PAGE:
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Residential property inflation has accelerated in recent months





By Ted Healy of DNG TED HEALY

According to the latest residential market review from leading property advisors DNG, house price inflation is now running at its highest level since 2017.

Prices are now 11.1% higher at a national level and are 11.3% higher in the South West than they were in June 2020, as a result of strong price inflation in the market during the first six months of 2021.

The DNG National Price Gauge, which tracks residential property price movements at a national level, excluding Dublin, shows that the average price of a home now stands at €233,582 up from €210,258 in June 2020. In the South West region the average price of a resale property now stands at €266,844 up from €239,671 in June 2020.

The report highlights the fact that in the year to December 2020 the annual rate of house price inflation was running at 1.4% nationally. However, strong demand, coupled with a scarcity of homes for sale in the market, has served to drive up residential property prices across the country in the first half of 2021. In the first six months of the year, an uptick in the rate of increase in house prices has been driven by the shortage of supply in the context of rising disposable income, elevated savings levels and demographic pressures.

At a national level, an analysis of the stock of homes currently for sale indicates that there are approximately 35% fewer homes listed for sale now, compared to the same time last year, and 45% fewer than at the same point in 2019.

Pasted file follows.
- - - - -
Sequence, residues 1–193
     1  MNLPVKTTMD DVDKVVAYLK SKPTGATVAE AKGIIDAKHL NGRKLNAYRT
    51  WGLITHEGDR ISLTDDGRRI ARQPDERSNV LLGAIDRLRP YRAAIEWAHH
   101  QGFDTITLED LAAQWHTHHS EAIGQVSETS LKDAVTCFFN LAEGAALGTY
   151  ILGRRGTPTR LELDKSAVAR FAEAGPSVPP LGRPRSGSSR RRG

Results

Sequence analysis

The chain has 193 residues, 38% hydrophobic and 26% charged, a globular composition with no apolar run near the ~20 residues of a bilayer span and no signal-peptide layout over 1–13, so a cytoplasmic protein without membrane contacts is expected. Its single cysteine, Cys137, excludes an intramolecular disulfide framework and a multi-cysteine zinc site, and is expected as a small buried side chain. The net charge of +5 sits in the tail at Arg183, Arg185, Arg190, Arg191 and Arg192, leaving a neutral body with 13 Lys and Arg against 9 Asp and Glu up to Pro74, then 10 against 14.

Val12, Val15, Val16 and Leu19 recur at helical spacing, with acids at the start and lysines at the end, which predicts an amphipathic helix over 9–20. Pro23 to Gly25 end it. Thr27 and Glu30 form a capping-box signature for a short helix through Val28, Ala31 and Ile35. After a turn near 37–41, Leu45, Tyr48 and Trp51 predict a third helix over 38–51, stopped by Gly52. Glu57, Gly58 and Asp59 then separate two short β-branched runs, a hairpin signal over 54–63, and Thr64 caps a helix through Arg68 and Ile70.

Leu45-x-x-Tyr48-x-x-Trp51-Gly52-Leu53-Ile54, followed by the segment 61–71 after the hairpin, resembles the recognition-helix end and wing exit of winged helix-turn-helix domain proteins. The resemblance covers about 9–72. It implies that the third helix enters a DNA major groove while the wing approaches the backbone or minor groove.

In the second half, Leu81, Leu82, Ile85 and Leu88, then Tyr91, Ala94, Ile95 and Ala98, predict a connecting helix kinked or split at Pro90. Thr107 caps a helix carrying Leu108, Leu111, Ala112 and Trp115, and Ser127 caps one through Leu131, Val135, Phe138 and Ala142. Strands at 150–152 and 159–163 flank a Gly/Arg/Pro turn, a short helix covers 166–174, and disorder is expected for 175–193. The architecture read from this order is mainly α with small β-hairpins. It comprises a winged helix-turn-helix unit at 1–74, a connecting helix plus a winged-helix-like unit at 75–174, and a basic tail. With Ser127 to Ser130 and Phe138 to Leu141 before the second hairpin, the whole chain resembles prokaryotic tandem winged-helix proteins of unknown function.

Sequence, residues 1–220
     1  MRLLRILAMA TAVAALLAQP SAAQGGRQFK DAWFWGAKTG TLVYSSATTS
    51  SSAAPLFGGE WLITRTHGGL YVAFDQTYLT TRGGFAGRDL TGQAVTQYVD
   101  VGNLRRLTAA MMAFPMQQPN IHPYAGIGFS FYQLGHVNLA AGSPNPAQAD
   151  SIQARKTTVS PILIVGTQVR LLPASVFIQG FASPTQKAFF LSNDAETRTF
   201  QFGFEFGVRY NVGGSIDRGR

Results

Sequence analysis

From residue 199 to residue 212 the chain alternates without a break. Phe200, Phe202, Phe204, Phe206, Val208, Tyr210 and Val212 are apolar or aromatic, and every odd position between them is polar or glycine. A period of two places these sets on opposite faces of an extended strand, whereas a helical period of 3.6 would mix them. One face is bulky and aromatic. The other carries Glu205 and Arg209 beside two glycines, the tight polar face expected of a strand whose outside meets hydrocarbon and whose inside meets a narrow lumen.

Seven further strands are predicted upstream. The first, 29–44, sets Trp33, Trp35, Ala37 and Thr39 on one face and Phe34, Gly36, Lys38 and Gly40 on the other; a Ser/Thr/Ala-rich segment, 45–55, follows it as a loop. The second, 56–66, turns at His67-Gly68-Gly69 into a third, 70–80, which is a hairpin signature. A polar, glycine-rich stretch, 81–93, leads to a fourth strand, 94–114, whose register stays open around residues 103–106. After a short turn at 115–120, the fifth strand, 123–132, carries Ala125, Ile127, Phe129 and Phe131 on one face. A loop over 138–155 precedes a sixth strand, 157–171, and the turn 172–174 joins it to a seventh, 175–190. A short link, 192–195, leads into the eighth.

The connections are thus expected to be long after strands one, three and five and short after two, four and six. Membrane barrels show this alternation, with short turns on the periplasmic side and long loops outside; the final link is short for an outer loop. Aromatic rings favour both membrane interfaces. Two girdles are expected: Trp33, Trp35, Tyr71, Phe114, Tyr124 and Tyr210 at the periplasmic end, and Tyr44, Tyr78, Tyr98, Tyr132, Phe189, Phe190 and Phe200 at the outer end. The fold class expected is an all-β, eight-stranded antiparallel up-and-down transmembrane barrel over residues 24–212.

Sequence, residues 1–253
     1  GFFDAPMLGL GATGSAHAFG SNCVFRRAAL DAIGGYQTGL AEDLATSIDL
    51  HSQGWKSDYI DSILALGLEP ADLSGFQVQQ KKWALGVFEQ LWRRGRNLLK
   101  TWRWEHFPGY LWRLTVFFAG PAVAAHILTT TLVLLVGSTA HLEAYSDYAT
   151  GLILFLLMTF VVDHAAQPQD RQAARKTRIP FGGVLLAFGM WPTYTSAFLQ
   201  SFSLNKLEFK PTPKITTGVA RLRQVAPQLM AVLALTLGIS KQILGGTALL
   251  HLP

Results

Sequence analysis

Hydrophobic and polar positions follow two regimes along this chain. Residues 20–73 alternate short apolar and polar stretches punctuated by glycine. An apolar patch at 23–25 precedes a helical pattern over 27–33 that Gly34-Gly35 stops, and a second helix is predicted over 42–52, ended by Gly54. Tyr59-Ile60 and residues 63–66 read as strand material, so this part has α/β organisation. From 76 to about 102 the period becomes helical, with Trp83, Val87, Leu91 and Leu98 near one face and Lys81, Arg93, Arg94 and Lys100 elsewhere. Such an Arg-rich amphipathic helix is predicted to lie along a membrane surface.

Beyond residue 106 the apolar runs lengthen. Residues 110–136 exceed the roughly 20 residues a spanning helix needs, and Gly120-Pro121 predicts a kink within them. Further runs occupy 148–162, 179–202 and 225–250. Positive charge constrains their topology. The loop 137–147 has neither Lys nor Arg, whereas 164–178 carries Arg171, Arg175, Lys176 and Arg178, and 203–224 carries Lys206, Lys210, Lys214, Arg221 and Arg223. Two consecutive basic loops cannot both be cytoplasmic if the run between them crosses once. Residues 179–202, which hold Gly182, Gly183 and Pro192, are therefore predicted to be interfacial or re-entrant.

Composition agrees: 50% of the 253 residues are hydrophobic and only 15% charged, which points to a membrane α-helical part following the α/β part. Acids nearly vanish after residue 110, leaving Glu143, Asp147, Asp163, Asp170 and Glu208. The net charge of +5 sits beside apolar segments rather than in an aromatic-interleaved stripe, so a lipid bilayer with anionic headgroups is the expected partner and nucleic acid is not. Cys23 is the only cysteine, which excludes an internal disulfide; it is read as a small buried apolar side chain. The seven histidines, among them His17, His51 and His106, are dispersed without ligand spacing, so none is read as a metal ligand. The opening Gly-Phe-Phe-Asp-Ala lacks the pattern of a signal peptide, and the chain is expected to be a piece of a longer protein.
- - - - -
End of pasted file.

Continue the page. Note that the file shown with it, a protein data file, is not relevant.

The latest results of the DNG House Price and National Price Gauges show that residential property inflation has accelerated markedly in recent months, driven primarily by increased first time buyer demand on foot of record levels of mortgage approvals. Our analysis of purchasers during the second quarter shows that first time buyers continue to dominate the resale market accounting for 54% of purchases during the period. In addition, over two thirds (70%) of buyers rely on mortgage finance in order to complete their transaction.

The elevated level of demand in the current market is evident now because of the easing of the restrictions placed on the property sector and house hunters during the last lockdown. Buyers who had paused their property search during lockdown are now back in the market competing with those buyers with more recent loan approvals.

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Lower tax rate will discourage private landlords leaving the market

By Ted Healy of DNG TED HEALY Property owner groups are pushing for a new tax rate of 25 percent for landlords to discourage them from selling up and leaving […]




By Ted Healy of DNG TED HEALY